Other applications of dating methods
These dating methods are not only used on human fossils. Let’s take a moment to see how a painting of a pig changed the story of our past.
When we think about ancient rock art, we probably think of famous sites in Europe, such as the Chauvet-Pont-d’Arc Cave in southern France, or the Cueva de El Castillo, in Spain. We saw at the beginning of our course how Mathieu’s interest in archaeology was sparked by childhood visits to such caves. Many of you may have also had the opportunity to visit these sites.
A question that has puzzled archaeologists is the lack of similarly dated evidence elsewhere in the world. For many years it was thought that perhaps Europe was the origin of the spread of this type of art throughout the world.
Then, in 2014, Associate Professor Maxime Aubert and Associate Professor Adam Brumm published a research paper dating rock art in Indonesia to around 40,000 years old - at least as old as the rock art found in Europe.
From limestone caves near the town of Maros, Sulawesi, a hand stencil was dated to be at least 39,900 years old. A nearby animal painting of a pig has been dated to at least 35,400 years – making it one of the earliest figurative depictions in the world.
These findings change the story of our past. The implications are that perhaps this art-form had its origins in Africa, and modern humans brought it with them when they migrated to Southeast Asia over 50,000 years ago, and to Europe about 40-45,000 years ago. This study was considered so important that Science magazine listed it in their top ten scientific achievements of 2014.
Maxime and his team used the U-Series dating method to arrive at these dates, taking samples from fourteen different paintings in seven different caves. The technique was not used to directly date the paintings themselves, but rather to date the small nodes of calcium carbonate (called “cave popcorn”) that have grown over the paintings during the millennia since the paintings were made on the rock walls.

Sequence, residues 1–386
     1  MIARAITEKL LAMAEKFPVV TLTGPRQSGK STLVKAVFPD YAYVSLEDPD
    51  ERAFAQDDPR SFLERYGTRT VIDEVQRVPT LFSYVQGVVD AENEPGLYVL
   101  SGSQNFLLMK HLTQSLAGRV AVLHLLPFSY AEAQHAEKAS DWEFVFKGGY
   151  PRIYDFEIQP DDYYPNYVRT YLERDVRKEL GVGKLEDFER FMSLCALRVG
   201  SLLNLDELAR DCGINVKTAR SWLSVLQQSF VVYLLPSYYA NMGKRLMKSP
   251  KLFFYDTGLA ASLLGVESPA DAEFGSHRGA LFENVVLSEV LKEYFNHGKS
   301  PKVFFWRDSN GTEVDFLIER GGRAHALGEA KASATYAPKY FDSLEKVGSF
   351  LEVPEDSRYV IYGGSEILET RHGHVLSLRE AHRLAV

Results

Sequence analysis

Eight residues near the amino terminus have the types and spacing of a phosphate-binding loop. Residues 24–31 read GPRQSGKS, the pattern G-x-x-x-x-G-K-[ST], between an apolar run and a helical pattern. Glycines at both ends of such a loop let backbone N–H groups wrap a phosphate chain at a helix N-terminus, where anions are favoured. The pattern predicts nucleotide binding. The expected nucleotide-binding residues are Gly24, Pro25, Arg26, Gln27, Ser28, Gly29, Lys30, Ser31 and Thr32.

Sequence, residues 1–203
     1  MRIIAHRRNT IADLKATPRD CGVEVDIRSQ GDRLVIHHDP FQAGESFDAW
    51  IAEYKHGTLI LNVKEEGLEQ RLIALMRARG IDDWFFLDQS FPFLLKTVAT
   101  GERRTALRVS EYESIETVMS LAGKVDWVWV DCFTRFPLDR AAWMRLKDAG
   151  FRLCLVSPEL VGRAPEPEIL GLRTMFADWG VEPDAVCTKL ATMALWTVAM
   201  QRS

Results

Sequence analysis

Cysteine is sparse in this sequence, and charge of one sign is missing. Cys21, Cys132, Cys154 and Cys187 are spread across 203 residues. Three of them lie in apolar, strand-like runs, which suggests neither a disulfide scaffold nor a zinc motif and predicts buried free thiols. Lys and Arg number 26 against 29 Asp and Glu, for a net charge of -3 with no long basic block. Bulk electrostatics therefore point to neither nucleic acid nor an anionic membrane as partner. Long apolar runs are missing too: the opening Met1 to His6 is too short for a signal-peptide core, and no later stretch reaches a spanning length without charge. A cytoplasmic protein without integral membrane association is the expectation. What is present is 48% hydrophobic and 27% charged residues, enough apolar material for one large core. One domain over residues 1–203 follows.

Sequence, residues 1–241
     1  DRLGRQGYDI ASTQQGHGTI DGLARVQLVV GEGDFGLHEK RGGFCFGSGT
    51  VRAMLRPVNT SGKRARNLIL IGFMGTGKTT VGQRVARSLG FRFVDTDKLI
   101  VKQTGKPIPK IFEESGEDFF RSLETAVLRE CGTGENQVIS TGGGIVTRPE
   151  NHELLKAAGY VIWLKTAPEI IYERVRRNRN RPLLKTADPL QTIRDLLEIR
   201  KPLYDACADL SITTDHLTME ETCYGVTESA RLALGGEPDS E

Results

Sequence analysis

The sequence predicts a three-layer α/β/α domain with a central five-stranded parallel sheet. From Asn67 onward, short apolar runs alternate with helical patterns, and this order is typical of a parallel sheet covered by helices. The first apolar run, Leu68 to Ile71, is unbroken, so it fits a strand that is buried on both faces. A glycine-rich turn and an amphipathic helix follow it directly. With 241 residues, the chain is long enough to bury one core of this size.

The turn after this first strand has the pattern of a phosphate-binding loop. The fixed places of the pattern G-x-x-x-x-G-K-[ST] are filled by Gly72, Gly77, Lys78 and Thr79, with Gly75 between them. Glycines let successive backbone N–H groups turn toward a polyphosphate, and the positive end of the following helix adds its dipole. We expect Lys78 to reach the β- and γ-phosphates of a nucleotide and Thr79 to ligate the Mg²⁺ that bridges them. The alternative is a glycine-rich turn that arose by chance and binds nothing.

This means that what Maxime and his team have done is provide a minimum date age for the paintings. This is another dating principle, the principle of superimposition - the placement or layering of one thing over another. The object that has been layered over the existing object must be younger than the existing object.
The caves and the paintings are not recent discoveries. They were first recorded in the 1950s, but no attempt had been made to date them.
For more information on this fascinating use of dating, have a look at this video by nature.com, where Maxime introduces the art, shows us the cave popcorn and explains its significance.
(We’ve provided a transcript of this video for you, in Downloads below.)
This is an additional video, hosted on YouTube.
What do you think of the way that a combination of dating principles and methodologies can be used to provide us with insights into our past?
Any questions for Maxime?
Select the comments link below and share your thoughts.
Aubert, M., et al. (2014) “Pleistocene cave art from Sulawesi, Indonesia.” Nature, vol. 514, no. 7521, p. 223 +
Australian Research Centre for Human Evolution, Griffith University.
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